Turkey Dinner and a Movie

For many of us, tomorrow is Thanksgiving. That means a full day of cooking followed by 30-40 minutes of overeating with friends and loved ones.

Like millions of Americans, I bought a turkey, fresh cranberries, milk, eggs, pecans, etc. in preparation for the big day. I’m only feeding a family of four this year, but it still adds up.

Each year, the American Farm Bureau Federation figures out exactly how much a Thanksgiving dinner is likely to cost. They’ve been gathering data and reporting on the average cost of this iconic meal for the last 36 years. This year, the Farm Bureau reports that Americans can expect to spend $53.31 on a Thanksgiving dinner that would serve ten people. That’s up 14% from last year’s average of $46.90.

With so much focus on inflation, it’s no surprise that the 14% jump has garnered a lot of media attention. It’s tempting to interpret it as unequivocal evidence of sharply rising consumer hardship. And make no mistake about it, rising prices—including food, gas/energy, housing, child care—are clearly a serious issue for millions of families across the US and around the world.

But maybe—at least when it comes to the cost of a Turkey feast—things aren’t quite as bad as they seem. Here’s Mark Perry’s take.

The fact that a family in America can celebrate Thanksgiving with a classic turkey feast for ten people for just over $5 per person and at a “time cost” of only two hours of work at the average hourly wage for one person means that we really have a lot to be thankful for on Thanksgiving: an abundance of cheap, affordable food despite the challenges of the pandemic, supply chain issues, and rising energy prices. The average American earns enough money by the time of his or her morning coffee break working on just one day to be able to afford the cost of a traditional Thanksgiving meal for ten. Compared to 1986, the inflation-adjusted cost of a turkey dinner today is 26% cheaper, and 37% cheaper measured in “time cost” for the average worker. Despite all of the hand-wringing and alarm bells about inflation, this year’s Thanksgiving dinner in America is among the most affordable of the past 36 years relative to our income and relative to the cost in past years.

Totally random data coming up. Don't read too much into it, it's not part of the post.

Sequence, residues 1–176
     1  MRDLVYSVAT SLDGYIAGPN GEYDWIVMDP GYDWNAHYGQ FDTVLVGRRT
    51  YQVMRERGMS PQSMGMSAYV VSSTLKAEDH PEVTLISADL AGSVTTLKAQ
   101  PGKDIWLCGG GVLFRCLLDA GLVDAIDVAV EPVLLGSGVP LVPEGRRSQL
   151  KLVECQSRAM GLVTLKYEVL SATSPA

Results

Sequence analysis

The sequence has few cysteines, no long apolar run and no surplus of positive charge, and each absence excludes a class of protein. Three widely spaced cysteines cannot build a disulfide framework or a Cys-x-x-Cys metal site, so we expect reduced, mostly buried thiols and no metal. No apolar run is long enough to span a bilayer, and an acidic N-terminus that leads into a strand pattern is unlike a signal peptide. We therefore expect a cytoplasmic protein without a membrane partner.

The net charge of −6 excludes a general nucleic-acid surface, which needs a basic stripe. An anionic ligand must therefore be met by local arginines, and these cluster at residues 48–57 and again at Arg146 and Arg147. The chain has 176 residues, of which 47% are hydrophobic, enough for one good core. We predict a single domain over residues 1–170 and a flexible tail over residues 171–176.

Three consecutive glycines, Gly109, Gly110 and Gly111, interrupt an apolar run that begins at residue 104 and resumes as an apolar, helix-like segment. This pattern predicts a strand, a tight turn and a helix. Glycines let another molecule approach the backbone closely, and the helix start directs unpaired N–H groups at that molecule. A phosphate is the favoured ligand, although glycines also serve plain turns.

And now for something completely different. Three times a year—Thanksgiving, Christmas, and Easter—I make a dish that my mother served at every big holiday gathering. It’s a Serbian dish that goes by various names, including Presnac, which is what she always called it. It’s super easy and really delicious!

You’ll want to bake it on the middle rack (and remove any upper racks) to allow plenty of room for the edges to puff up nice and high. And don’t dismay when they inevitably collapse after you remove the pan from the oven. Here’s one I made on a previous holiday.

In recent years, I started using 1/2 Monterey Jack and 1/2 Pepper Jack to give it a little kick. Unless you have to, don’t use skim milk. I use 2% and it works just fine, though some people use whole milk. You can also add a couple of tablespoons of plain cottage cheese. I never do, but my mother often did. I think she skips it these days.

After our feast, we’ll snuggle up and watch the greatest Thanksgiving movie of all time—Planes, Trains & Automobiles.

Thank you, as always, for reading The Lens. I’m grateful to the many subscribers who allow me to share my thoughts on economics and economic policy (along with the occasional recipe).

May all your turkeys be moist!